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Panasonic Has Major Falling Out With Key Partner

Panasonic has found themselves in the cross hairs of a major partner and the spat looks as if it could get ugly.

The rift started with reports that Tesla and Panasonic companies that are attempting expansion plans at their jointly operated battery plant near Reno, Nevada.

Musk said that Panasonic’s cell lines have actually constrained Model 3 assembly because they are operating at just two-thirds capacity, or 24GWh.

Panasonic did not directly respond to that assertion. But it said in a statement this week that as of the end of March, the plant does have capacity for 35GWh. Both companies agree that the Gigafactory is far from running at full production. What’s less clear is why and how they will proceed in the future.

Tesla had been sounding out cheaper suppliers and the ultra-conservative Panasonic went public in a move that is extremely unusual for the 100 year old Company.

Most analysts said they believe slow Tesla sales warranted capping battery-production lines.

But another explanation offered up is that Panasonic is unhappy about a third party possibly messing up their marriage.

While it is currently Tesla’s only supplier of automotive-grade batteries, Tesla is building another factory in Shanghai and has talked with several Chinese-based suppliers, including CATL.

“Tesla is starting to flirt with other battery makers in China, and Panasonic doesn’t like that,” said Sam Jaffe, managing director of battery consulting firm Cairn ERA.

Tesla boss Elon Musk shot back in tweets that Panasonic is the culprit for the slow production of Tesla vehicles by operating at a pace that’s constrained production of Tesla’s Model 3 sedan.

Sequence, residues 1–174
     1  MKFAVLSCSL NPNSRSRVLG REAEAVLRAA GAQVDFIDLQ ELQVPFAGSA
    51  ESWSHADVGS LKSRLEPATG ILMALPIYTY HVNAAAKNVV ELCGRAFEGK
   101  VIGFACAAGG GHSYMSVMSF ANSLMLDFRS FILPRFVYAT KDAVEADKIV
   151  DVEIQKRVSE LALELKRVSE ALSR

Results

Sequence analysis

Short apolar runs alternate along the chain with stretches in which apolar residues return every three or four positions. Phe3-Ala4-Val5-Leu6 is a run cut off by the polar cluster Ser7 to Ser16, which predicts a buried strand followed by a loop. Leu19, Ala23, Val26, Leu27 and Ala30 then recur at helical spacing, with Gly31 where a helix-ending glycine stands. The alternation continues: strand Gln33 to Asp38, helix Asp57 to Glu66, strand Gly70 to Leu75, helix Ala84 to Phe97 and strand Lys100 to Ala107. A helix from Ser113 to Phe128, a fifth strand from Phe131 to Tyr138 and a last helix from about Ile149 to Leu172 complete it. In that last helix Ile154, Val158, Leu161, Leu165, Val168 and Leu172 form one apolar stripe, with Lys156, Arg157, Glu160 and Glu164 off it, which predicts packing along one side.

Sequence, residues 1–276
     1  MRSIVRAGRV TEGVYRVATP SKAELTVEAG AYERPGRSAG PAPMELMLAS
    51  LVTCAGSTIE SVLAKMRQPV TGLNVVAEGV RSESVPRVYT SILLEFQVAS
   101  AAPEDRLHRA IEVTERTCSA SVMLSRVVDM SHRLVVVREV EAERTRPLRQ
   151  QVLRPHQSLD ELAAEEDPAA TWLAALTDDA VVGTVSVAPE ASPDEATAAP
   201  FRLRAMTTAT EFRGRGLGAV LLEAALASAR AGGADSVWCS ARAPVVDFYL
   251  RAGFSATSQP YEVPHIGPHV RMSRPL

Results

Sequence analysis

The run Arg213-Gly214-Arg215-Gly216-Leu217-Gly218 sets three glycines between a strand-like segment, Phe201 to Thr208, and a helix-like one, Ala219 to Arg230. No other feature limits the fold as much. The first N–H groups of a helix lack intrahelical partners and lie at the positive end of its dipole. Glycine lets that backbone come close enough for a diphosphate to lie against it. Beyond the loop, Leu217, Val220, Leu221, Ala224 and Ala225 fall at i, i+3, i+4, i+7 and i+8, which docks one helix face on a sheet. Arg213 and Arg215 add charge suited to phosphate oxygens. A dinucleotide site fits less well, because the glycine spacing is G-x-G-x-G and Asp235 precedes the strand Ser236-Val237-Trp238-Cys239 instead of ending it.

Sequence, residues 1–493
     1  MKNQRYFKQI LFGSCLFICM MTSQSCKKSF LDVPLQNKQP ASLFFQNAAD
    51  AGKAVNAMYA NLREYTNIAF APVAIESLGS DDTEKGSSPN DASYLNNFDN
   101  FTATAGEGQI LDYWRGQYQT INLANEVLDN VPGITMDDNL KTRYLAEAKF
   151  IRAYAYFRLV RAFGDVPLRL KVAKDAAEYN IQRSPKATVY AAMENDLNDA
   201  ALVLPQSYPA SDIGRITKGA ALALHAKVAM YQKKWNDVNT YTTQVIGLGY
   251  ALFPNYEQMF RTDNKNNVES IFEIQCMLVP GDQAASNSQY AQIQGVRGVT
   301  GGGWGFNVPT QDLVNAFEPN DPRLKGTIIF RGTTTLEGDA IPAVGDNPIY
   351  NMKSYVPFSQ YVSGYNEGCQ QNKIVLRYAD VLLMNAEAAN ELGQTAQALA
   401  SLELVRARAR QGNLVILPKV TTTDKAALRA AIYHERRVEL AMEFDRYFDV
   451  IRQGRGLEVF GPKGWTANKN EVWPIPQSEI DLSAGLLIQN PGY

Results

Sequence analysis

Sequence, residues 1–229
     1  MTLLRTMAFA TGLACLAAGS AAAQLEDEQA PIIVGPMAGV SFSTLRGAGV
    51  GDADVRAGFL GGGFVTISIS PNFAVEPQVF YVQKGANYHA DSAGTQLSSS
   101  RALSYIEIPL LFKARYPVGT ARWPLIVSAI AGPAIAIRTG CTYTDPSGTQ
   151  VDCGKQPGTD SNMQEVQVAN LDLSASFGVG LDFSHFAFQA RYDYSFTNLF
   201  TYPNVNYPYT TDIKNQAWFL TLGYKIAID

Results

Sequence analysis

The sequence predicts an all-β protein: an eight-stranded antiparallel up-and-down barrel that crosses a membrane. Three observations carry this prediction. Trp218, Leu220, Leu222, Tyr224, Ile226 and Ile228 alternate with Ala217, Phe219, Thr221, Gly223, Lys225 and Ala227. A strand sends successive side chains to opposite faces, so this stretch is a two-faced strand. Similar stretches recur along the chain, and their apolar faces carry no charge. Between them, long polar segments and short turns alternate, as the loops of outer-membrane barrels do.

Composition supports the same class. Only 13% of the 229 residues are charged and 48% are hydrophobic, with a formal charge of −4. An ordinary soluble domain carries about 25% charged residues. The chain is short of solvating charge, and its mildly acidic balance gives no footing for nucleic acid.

This is not surprising claim analysts as Panasonic is a an “ultra conservative” Company that does not like to be rushed.

Panasonic makes all of the lithium-ion battery cells that power Tesla’s electric vehicles. Tesla wants to ramp up production and cut costs.

Bloomberg said that even by Musk’s standards, it’s highly unusual for a company and its largest supplier to duel so openly.

And the tiff once again raises questions about Tesla’s ability to sustain profitability amid concerns about demand.

Tesla delivered just 63,000 cars globally in the first quarter, compared with almost 91,000 in the previous three months. Panasonic’s apparent reluctance to boost battery production only adds to the scepticism with some tipping that the two could part Company a move that would impact Panasonic’s bottom line as revenue from appliances and consumer electronic goods stall.

“Tesla and Panasonic need couples counselling ASAP,” said Craig Irwin, an analyst at Roth Capital Partners. “This is looking like a much more acrimonious relationship.”

The factory was first announced in July 2014.

Bloomberg said, ‘one partner is a 16-year-old maker of electric vehicles run by an impetuous boss, the other a century-old conservative Japanese manufacturer’.

Tesla manages the Gigafactory, but Panasonic is the principal partner, responsible for churning out cylindrical lithium-ion battery cells that Tesla buys and then packages into battery packs for the Model 3 sedan. The goal was to produce 35 gigawatt hours, or GWh, of cells per year by 2020, enough for roughly 400,000 Model 3s.

But two weeks ago, Osaka-based Panasonic shocked the investment community when the Nikkei newspaper reported that Tesla and Panasonic were freezing plans to expand capacity beyond the initial 35GWh amid concerns about Tesla’s sales.

“Tesla won’t spend money on more capacity until existing lines get closer to 35GWh theoretical,” Musk said in a tweet.

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